“I feel that nobody is above the law, whether it be a former president or a sitting president or a janitor,” one potential juror, a man who lives on the Upper West Side, told the judge.

A majority of the potential jurors were immediately dismissed when Merchan asked the day’s million dollar question: whether they could be fair and impartial when considering the case against Trump? More than 50 of the would-be jurors raised their hands, signaling that they felt they could not consider only the evidence against Trump.

“I just couldn't do it,” said one woman, with short hair and apparently in her 30s, as she left.

The ex-president appeared engaged in the proceedings, talking frequently with his counsel. At times, he appeared to read juror questionnaires. He also sat through arguments about whether the contents of his infamous “Access Hollywood” recording — during which he said he grabbed women by their genitals and which threatened to blowup his 2016 presidential campaign — would be admissible at the trial, as the prosecution wished. The judge ruled it would not.

Merchan reiterated a past ruling preventing prosecutors from playing the highly controversial tape for the jury. He also barred prosecutors from introducing a video of a Trump deposition in which he addressed the tape.

“I remain convinced at this moment … that the tape should not come in,” Merchan said.

Merchan, however, said prosecutors could provide to the jury the contents of what Trump said in the tape and an email related to the tape.

A person protesting President Trump squares off with a Trump...

A person protesting President Trump squares off with a Trump supporter, left, near Manhattan Criminal Court as jury selection begins in the hush money case against the former president on Monday in Manhattan. Credit: Craig Ruttle

Some media outlets, part of a pool of reporters including Newsday that has been assigned to provide rolling summaries of the court proceedings, reported that Trump appeared to be sleeping or had briefly nodded off at one point during the proceedings. But others noted that it was nearly impossible in the packed courtroom to determine whether Trump, who has for years reviled his political opponent with the moniker “Sleepy Joe,” was actually napping.

Trump, a Queens native, developer and reality TV star before he was elected president in 2016, is on trial for allegedly directing his personal attorney, Lawrence native Michael Cohen, to make a $130,000 hush-money payment to Daniels. Prosecutors have said the payment was illegally recorded as legal services as part of a retainer agreement, but neither the retainer nor the legal services existed.

The stakes are high for the ex-president, who faces up to 4 years in prison on each of the 34 counts, if convicted.

Before jury selection began, prosecutor Joshua Steinglass argued Trump’s recent attacks on potential witnesses, including calling Daniels and Cohen “sleazebags” violated Merchan’s limited gag order that prohibited Trump from speaking negatively about potential witnesses.

“The defendant himself has publicly embraced the public strategy of going after his perceived enemies,” Steinglass said.

Merchan set a hearing date of next Tuesday morning to determine whether Trump had violated the order. The prosecution argued Trump, who could face jail time if found to be in contempt of the judge’s order, should be fined $3,000.

Merchan also ruled the prosecution can introduce evidence about the National Enquirer and its alleged “catch and kill” schemes that allegedly worked in coordination with Trump’s campaign to help Trump keep his affairs secret and to make public negative pieces on his opponents, despite the defense’s objections.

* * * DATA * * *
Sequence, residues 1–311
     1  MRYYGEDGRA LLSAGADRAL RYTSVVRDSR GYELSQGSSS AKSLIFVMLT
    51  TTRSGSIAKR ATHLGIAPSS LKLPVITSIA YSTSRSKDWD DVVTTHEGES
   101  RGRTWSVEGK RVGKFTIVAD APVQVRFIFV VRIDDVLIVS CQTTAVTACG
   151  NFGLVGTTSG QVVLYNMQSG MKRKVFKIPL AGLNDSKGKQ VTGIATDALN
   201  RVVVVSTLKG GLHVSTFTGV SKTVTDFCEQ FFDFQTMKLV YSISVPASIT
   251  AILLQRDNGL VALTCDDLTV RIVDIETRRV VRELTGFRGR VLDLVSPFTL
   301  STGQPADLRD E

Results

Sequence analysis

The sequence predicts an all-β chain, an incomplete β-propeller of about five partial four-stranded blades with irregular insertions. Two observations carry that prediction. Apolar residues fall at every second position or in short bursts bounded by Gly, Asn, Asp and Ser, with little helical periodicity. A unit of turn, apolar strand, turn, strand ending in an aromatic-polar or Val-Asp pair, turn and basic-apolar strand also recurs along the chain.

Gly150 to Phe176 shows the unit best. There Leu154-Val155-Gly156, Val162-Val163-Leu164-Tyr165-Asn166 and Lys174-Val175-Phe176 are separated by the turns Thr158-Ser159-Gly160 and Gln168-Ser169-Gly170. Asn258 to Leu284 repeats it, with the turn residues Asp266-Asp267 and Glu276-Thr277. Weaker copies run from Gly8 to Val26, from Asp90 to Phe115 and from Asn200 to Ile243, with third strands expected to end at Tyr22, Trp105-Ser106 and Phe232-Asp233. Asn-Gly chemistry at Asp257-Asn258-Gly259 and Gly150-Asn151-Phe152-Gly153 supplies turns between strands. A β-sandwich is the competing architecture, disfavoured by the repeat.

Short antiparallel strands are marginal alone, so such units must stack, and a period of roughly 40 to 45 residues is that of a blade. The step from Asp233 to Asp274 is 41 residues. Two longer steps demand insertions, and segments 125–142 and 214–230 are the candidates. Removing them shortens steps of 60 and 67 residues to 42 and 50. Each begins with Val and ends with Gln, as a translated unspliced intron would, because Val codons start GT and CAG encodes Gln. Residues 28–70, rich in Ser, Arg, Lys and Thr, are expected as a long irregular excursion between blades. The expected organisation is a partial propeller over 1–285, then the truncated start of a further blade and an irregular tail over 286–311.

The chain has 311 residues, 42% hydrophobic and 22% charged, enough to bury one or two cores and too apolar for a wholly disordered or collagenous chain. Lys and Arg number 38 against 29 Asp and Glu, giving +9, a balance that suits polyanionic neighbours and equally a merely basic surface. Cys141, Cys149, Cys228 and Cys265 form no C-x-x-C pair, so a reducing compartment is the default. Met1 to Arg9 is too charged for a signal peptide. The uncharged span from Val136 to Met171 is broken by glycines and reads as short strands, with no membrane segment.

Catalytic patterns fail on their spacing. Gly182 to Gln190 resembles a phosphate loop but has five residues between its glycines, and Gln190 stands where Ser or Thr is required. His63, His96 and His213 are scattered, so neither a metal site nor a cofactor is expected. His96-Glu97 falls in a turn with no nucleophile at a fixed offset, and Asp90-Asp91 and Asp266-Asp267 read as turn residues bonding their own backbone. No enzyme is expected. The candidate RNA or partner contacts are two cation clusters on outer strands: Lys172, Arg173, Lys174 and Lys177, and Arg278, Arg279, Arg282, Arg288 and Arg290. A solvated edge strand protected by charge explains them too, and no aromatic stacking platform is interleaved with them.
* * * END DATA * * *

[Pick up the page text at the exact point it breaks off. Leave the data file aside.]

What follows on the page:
“This evidence would do nothing but confuse the jury about the actual crime charged for several reasons,” said Trump’s lead defense attorney, Todd Blanche, describing the evidence as a “side show.”

Merchan also ruled that the prosecution can introduce evidence alleging that Karen McDougal, a former Playboy model who has said she had an affair with Trump, was similarly paid off by the National Enquirer, at the behest of Trump. Blanche called it “literally just salacious with no value.” Merchan said the prosecution is not permitted to tell the jury that Melania Trump was pregnant with Barron at the time of the alleged affair.

In what legal experts described as a win for Trump, the judge signed off on a “hybrid” approach to jury selection proposed by defense attorneys and agreed to by the prosecution.

Potential jurors were initially asked separate questions about whether they had any scheduling conflicts with the trial, as well as whether they could be fair and impartial — the latter of which could help Trump wage an appeal if convicted.

Trump’s attorneys requested that jurors be asked separate questions — one about conflicts with the trial, and another on whether jurors identify as impartial or unbiased. The Manhattan District Attorney’s Office did not object to the request.

Merchan also denied a defense motion for the judge to recuse himself from the case — the fourth such attempt by Trump’s legal team.

Merchan recited the defense’s reasoning for seeking the recusal, including Merchan doing interviews with a news outlet and a podcast. In one interview, the judge said he did not like politicians using Twitter. (Trump was once an avid user of the social media platform formerly known as Twitter before he was banned from the outlet; He later began his own platform, called “Truth Social.”)

Of the defense’s claims that Merchan should recuse himself because his daughter has worked at a consulting firm that works with Democratic candidates, the judge said: “To say that these claims are attenuated is an understatement.”

Merchan said he will not address the matter further.

After jurors were excused for the day, Trump was dealt another blow: He won’t be able to skip his trial next Thursday to attend arguments in the U.S. Supreme Court on whether Trump is immune from prosecution.

Merchan, however, has not yet ruled on whether he’ll give Trump a day off on May 17 to attend son Barron’s high school graduation.

“Arguing before the Supreme Court is a big deal, and I can certainly appreciate why your client would want to be there, but a trial in New York Supreme Court … is also a big deal,” Merchan said. “I will see him here next week.”